Aberrant DNA methylation is a hallmark of cancer. However, our understanding of how tumor cell-specific DNA methylation patterns are established and maintained is limited. Here, we report that in T-cell acute lymphoblastic leukemia (T-ALL) and Burkitt's lymphoma the oncogene causes overexpression of DNA methyltransferase (DNMT) 1 and 3B, which contributes to tumor maintenance. By utilizing a tetracycline-regulated transgene in a mouse T-ALL (EμSRα-tTA;tet-o-MYC) and human Burkitt's lymphoma (P493-6) model, we demonstrated that DNMT1 and DNMT3B expression depend on high MYC levels, and that their transcription decreased upon MYC-inactivation. Chromatin immunoprecipitation indicated that MYC binds to the and promoters, implicating a direct transcriptional regulation. Hence, shRNA-mediated knock-down of endogenous MYC in human T-ALL and Burkitt's lymphoma cell lines downregulated DNMT3B expression. Knock-down and pharmacologic inhibition of DNMT3B in T-ALL reduced cell proliferation associated with genome-wide changes in DNA methylation, indicating a tumor promoter function during tumor maintenance. We provide novel evidence that MYC directly deregulates the expression of both and maintenance DNMTs, showing that MYC controls DNA methylation in a genome-wide fashion. Our finding that a coordinated interplay between the components of the DNA methylating machinery contributes to MYC-driven tumor maintenance highlights the potential of specific DNMTs for targeted therapies.
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http://dx.doi.org/10.18632/oncotarget.20176DOI Listing
http://www.ncbi.nlm.nih.gov/pmc/articles/PMC5652751PMC
September 2017

MYC-Master Regulator of the Cancer Epigenome and Transcriptome.

Genes (Basel) 2017 May 13;8(5). Epub 2017 May 13.

Augusta University, Department of Biochemistry and Molecular Biology, 1410 Laney-Walker Blvd., Augusta, GA 30912, USA.

Overexpression of is a hallmark of many human cancers. The oncogene has long been thought to execute its neoplastic functions by acting as a classic transcription factor, deregulating the expression of a large number of specific target genes. However, MYC's influence on many of these target genes is rather modest and there is little overlap between MYC regulated genes in different cell types, leaving many mechanistic questions unanswered. Recent advances in the field challenge the dogma further, revealing a role for MYC that extends beyond the traditional concept of a sequence-specific transcription factor. In this article, we review MYC's function as a regulator of the cancer epigenome and transcriptome. We outline our current understanding of how MYC regulates chromatin structure in both a site-specific and genome-wide fashion, and highlight the implications for therapeutic strategies for cancers with high MYC expression.
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http://dx.doi.org/10.3390/genes8050142DOI Listing
http://www.ncbi.nlm.nih.gov/pmc/articles/PMC5448016PMC
May 2017

p19ARF is a critical mediator of both cellular senescence and an innate immune response associated with MYC inactivation in mouse model of acute leukemia.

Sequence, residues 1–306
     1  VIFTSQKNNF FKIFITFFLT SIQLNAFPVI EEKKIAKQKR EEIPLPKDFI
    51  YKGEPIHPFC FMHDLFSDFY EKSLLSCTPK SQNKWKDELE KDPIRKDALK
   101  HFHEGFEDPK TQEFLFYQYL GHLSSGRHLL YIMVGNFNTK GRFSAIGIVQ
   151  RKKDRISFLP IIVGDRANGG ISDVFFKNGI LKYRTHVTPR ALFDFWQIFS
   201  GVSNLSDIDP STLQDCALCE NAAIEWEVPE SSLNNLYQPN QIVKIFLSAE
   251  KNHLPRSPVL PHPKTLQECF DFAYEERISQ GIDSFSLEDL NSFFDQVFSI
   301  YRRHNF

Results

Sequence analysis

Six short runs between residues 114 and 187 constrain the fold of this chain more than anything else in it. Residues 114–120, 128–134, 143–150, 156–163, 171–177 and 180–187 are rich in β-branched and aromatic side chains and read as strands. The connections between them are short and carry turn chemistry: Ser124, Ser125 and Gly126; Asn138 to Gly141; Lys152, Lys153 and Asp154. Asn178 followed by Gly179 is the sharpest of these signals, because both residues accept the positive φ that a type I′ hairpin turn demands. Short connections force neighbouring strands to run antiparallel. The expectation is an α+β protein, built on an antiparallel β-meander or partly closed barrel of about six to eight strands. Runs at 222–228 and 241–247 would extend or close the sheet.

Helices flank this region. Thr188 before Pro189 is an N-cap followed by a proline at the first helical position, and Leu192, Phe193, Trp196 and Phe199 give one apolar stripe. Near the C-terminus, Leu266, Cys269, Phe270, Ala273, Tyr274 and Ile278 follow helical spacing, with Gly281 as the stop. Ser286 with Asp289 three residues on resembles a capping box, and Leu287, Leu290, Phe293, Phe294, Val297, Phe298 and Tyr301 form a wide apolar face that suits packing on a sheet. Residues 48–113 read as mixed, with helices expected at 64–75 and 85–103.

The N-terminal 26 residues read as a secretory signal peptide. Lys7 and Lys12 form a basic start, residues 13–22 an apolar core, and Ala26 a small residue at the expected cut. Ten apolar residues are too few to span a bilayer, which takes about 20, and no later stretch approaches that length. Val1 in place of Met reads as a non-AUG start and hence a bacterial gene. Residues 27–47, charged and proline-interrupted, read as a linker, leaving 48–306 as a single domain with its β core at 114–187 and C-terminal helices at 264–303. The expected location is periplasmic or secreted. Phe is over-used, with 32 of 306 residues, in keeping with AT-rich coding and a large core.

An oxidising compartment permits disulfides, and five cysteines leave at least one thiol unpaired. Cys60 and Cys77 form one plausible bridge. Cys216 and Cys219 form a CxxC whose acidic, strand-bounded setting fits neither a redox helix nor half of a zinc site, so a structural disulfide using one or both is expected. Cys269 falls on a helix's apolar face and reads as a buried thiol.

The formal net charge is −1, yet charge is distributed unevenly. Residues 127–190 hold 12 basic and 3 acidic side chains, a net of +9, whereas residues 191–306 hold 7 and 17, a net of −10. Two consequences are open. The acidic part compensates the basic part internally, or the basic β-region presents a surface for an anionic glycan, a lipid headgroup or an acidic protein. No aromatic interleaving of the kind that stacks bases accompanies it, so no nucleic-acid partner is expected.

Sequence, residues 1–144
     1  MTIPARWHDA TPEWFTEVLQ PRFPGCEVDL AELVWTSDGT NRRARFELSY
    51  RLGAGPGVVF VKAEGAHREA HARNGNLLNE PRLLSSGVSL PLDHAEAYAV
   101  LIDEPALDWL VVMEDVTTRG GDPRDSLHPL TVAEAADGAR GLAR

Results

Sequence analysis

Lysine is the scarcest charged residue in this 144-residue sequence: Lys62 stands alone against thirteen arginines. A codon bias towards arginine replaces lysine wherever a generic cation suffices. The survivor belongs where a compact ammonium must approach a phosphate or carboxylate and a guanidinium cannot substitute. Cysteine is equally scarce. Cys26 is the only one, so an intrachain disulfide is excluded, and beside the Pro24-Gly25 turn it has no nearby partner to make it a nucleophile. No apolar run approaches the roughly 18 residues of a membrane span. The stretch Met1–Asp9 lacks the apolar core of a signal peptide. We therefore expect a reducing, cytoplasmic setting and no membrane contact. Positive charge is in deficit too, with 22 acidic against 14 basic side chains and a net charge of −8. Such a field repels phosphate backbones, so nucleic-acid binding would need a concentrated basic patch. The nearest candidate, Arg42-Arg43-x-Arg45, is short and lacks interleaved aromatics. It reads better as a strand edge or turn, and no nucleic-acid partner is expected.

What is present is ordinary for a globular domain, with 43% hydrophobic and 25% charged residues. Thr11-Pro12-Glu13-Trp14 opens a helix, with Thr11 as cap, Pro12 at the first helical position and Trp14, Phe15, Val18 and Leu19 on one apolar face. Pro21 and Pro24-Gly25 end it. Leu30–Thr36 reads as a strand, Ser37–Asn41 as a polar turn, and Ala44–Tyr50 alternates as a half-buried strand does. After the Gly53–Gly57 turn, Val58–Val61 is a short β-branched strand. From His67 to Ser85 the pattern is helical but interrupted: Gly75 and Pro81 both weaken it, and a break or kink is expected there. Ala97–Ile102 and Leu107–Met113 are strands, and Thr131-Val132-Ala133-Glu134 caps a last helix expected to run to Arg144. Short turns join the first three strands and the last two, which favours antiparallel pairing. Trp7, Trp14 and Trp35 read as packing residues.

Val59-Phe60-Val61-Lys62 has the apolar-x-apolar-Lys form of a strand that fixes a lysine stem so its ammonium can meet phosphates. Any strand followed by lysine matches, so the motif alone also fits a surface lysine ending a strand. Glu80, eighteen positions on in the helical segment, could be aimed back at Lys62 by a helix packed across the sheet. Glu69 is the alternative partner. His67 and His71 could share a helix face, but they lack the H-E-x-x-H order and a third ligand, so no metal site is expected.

Oncotarget 2015 Feb;6(6):3563-77

Division of Oncology, Departments of Medicine and Pathology, Molecular Imaging Program, Stanford University, Stanford, California, United States of America.

MYC-induced T-ALL exhibit oncogene addiction. Addiction to MYC is a consequence of both cell-autonomous mechanisms, such as proliferative arrest, cellular senescence, and apoptosis, as well as non-cell autonomous mechanisms, such as shutdown of angiogenesis, and recruitment of immune effectors. Here, we show, using transgenic mouse models of MYC-induced T-ALL, that the loss of either p19ARF or p53 abrogates the ability of MYC inactivation to induce sustained tumor regression. Loss of p53 or p19ARF, influenced the ability of MYC inactivation to elicit the shutdown of angiogenesis; however the loss of p19ARF, but not p53, impeded cellular senescence, as measured by SA-beta-galactosidase staining, increased expression of p16INK4A, and specific histone modifications. Moreover, comparative gene expression analysis suggested that a multitude of genes involved in the innate immune response were expressed in p19ARF wild-type, but not null, tumors upon MYC inactivation. Indeed, the loss of p19ARF, but not p53, impeded the in situ recruitment of macrophages to the tumor microenvironment. Finally, p19ARF null-associated gene signature prognosticated relapse-free survival in human patients with ALL. Therefore, p19ARF appears to be important to regulating cellular senescence and innate immune response that may contribute to the therapeutic response of ALL.
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http://www.ncbi.nlm.nih.gov/pmc/articles/PMC4414137PMC
http://dx.doi.org/10.18632/oncotarget.2969DOI Listing
February 2015

High throughput automated chromatin immunoprecipitation as a platform for drug screening and antibody validation.

Lab Chip 2012 Jun 8;12(12):2190-8. Epub 2012 May 8.

Department of Bioengineering, Stanford University, Stanford, CA 94305, USA.